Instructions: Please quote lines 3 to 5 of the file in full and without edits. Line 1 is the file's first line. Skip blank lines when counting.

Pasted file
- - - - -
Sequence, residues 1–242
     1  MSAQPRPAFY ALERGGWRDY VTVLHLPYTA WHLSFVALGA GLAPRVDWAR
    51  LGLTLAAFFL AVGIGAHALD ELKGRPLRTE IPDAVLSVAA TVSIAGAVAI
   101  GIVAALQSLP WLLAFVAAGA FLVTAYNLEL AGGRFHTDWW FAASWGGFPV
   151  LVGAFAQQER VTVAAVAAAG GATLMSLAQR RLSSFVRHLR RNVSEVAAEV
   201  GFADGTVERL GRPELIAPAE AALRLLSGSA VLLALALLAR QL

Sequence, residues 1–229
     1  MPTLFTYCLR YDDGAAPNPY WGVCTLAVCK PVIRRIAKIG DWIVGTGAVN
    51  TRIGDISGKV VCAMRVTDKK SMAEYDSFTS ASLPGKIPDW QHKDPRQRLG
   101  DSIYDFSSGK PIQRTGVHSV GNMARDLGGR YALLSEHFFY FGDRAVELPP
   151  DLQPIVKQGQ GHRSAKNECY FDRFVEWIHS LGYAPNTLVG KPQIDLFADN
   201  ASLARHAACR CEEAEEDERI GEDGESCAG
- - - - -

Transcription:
    51  LGLTLAAFFL AVGIGAHALD ELKGRPLRTE IPDAVLSVAA TVSIAGAVAI
   101  GIVAALQSLP WLLAFVAAGA FLVTAYNLEL AGGRFHTDWW FAASWGGFPV
   151  LVGAFAQQER VTVAAVAAAG GATLMSLAQR RLSSFVRHLR RNVSEVAAEV